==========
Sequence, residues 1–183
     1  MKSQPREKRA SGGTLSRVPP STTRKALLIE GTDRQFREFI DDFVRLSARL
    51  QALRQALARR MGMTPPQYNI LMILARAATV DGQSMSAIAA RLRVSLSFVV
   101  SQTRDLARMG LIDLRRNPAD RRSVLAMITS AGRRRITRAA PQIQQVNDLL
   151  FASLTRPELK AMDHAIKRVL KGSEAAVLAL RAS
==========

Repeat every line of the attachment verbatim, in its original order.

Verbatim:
Sequence, residues 1–183
     1  MKSQPREKRA SGGTLSRVPP STTRKALLIE GTDRQFREFI DDFVRLSARL
    51  QALRQALARR MGMTPPQYNI LMILARAATV DGQSMSAIAA RLRVSLSFVV
   101  SQTRDLARMG LIDLRRNPAD RRSVLAMITS AGRRRITRAA PQIQQVNDLL
   151  FASLTRPELK AMDHAIKRVL KGSEAAVLAL RAS